Sierra Club BC response to BC Forestry Alliance statement
FOR IMMEDIATE RELEASE
October 15, 2020
Sierra Club BC is deeply committed to honesty, integrity and accuracy. BC Forestry Alliance recently released a statement falsely accusing us of “relying on misstated facts and selectively omitting key information in a crass attempt to sway voters against forestry during the current B.C. election campaign.”
The BC Forestry Alliance takes issue with our claim that 500 plus soccer fields’ worth of old-growth are being clearcut every day across the province. We stand by this claim. Using provincial government data (Vegetation Resources Inventory and Consolidated Cutblocks) we found that 1,917,827 hectares of old-growth were logged between 2005 and 2017. This means an average of 147,525 hectares were logged per year, equaling on average more than 400 hectares per day. Soccer fields are commonly 0.714 hectares in size, meaning you could fit more than 500 soccer fields into the 400 hectares of old-growth that are logged per day across B.C. This the most recent data we have, and we have no indications that the rate of logging has changed in the last few years.
Sierra Club BC (SCBC) includes forests that are 140 to 250 years old in our mapping and data for the coastal region because these forests have most of the features of old-growth stands older than 250 years. As big trees older than 250 years become increasingly rare, trees aged 140 to 250 years become more important to protect as remaining habitat for old-growth dependent species like marbled murrelets and spotted owls. For the interior region, both SCBC and the province consider forests older than 140 years to be old-growth. Interior old-growth includes some very big trees, such as in the inland temperate rainforest, as well as smaller trees that also have high ecological values.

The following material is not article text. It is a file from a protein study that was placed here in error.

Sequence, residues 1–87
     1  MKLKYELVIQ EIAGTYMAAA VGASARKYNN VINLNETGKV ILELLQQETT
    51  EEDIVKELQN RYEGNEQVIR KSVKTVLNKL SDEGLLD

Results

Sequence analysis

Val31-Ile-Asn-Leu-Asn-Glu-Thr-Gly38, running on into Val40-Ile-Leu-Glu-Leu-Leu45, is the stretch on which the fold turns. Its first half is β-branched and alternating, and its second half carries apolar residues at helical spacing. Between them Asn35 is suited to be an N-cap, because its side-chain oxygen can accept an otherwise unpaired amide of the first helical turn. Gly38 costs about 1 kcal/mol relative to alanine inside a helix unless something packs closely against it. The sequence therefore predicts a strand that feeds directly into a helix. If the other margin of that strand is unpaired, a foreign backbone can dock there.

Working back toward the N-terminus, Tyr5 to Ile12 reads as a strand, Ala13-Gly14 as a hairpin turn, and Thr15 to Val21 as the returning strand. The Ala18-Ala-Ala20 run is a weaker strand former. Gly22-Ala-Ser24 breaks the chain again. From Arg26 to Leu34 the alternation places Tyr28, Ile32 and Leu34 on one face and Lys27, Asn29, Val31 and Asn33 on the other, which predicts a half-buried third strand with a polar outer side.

Very little of the last endangered old-growth ecosystems remain across the province, in both the coast and in the Interior. And much of what remains is rapidly being logged. We are facing an ecological crisis brought on by unsustainable practices that are putting our environment and the livelihood of communities at risk. Too much of the last intact, resilient and at risk old-growth forests is being logged, across the province. Within the context of respect for Indigenous law and jurisdiction, Sierra Club BC will continue to support efforts to protect the ecosystems, salmon, animals and communities that depend on these forests.
Gorley, A., Merkel, G. (2020). A NEW FUTURE FOR OLD FORESTS: A Strategic Review of How British Columbia Manages for Old Forests Within its Ancient Ecosystems
Wieting, J., Laversee, D. (2019). Clarcut Carbon: A Sierra Club BC report on the future of forests in British Columbia
Price, K., Holt, R. and Daust, D. (2020). BC’s Old Growth Forest: A Last Stand for Biodiversity https://veridianecological.files.wordpress.com/2020/05/bcs-old-growth-forest-report-web.pdf